Birthers and the anti-vaccine movement: A brief interlude

Here’s a brief one for you all. Former UPI editor and now editor of the anti-vaccine crank blog Age of Autism has a talent for incredibly un-self-aware statements. This time around, in the wake of President Obama’s having released his “long form” birth certificate, ol’ Danny Boy posted a quickie statement (in amongst a bunch of other almost as amusing quickie statements) that reads:

Now that the “birther” myth has been debunked, maybe we can get rid of the ridiculous but widespread notion — pushed by people who should know better — that vaccines don’t cause autism.

Uh, no, Dan. You have it backwards. The ridiculous but widespread notion–pushed by people who should know better–is the notion that vaccines cause autism that you and your merry band of anti-vaccine activists at AoA promote. It’s an ex-hypothesis that’s been as thoroughly refuted as the now equally ridiculous but widespread notions–pushed by people who should know better–that:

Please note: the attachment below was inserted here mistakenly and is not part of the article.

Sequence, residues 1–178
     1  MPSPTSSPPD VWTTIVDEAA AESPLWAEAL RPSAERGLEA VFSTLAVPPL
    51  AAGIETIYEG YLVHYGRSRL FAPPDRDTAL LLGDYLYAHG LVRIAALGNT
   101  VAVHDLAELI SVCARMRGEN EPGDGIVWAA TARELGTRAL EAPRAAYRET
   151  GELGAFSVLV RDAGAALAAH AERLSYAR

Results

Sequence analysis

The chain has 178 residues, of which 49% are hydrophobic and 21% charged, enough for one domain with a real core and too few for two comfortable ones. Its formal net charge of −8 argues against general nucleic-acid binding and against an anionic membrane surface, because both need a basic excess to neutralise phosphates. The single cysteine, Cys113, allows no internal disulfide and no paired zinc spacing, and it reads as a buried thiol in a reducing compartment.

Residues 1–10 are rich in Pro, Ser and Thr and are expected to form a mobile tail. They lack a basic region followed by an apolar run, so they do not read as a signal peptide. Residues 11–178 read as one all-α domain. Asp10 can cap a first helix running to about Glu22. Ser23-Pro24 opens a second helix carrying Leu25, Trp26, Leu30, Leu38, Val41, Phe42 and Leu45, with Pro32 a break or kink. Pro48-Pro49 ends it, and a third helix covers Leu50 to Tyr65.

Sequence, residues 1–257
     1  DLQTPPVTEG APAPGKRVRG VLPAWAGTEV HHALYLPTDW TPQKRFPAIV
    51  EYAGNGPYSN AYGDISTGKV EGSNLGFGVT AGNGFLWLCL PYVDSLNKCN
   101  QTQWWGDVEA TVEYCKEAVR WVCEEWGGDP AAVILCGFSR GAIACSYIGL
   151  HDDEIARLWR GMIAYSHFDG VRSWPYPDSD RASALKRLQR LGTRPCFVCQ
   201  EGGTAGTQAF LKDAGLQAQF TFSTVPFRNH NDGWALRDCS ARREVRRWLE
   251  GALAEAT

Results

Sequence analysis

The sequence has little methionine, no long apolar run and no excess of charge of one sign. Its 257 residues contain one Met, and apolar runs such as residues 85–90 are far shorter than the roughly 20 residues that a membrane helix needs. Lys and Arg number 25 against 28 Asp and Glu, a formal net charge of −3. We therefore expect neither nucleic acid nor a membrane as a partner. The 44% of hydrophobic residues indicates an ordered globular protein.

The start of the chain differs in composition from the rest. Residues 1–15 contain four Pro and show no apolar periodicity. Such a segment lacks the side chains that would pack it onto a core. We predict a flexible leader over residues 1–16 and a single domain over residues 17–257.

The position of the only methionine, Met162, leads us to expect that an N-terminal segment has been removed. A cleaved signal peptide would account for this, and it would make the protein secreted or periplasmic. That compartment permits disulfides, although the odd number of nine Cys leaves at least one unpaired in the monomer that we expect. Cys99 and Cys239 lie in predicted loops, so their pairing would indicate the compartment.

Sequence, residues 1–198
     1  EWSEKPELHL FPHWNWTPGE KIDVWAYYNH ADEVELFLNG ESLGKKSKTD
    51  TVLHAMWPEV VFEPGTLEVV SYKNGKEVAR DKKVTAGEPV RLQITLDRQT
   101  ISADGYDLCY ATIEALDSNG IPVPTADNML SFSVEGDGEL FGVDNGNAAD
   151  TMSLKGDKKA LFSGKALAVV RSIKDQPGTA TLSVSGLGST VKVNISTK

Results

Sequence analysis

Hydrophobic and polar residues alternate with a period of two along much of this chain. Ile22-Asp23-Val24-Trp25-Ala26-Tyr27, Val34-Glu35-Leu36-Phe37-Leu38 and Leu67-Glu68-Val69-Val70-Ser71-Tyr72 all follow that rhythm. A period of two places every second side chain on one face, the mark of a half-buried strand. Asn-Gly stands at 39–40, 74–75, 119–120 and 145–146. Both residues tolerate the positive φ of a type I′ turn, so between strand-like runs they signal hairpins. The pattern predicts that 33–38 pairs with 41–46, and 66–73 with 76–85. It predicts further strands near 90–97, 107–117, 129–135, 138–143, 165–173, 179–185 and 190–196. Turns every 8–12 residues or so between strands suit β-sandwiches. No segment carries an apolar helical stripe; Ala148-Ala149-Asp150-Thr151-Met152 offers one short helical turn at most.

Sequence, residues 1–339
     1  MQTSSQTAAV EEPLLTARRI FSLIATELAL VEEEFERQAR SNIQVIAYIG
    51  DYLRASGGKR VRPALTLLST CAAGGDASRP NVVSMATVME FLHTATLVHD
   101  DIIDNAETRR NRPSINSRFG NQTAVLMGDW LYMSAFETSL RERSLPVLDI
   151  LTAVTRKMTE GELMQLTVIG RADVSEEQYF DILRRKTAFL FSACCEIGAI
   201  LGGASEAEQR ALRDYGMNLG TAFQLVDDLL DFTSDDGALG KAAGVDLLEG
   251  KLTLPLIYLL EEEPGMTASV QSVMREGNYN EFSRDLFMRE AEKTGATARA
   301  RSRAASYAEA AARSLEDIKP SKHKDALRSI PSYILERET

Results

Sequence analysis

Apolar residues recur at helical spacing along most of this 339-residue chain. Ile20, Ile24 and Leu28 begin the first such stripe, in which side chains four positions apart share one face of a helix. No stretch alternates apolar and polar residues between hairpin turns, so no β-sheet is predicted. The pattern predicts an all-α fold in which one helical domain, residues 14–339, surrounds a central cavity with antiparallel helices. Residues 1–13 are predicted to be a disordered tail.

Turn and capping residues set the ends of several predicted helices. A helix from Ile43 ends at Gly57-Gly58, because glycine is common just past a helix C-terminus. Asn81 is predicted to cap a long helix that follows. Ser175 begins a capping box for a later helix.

• HIV does not cause AIDS
  • Evolution is not responsible for the diversity of life on this planet
  • Neil Armstrong did not land on the moon
  • The Holocaust never happened and was actually a Jewish plot
  • An alien spaceship crashed at Roswell in 1947 and the government has been engaged in a conspiracy to cover it up since then
  • 9/11 was an “inside job” with President Bush complicit in the plot
  • President Obama was not born in the U.S. and is therefore not eligible to be President

In actuality, it is anti-vaccine activists like Dan Olmsted who are very much like the birthers, twisting logic, reason, evidence, and science into pretzels in response to each new piece of evidence in order to defend their belief that vaccines cause autism.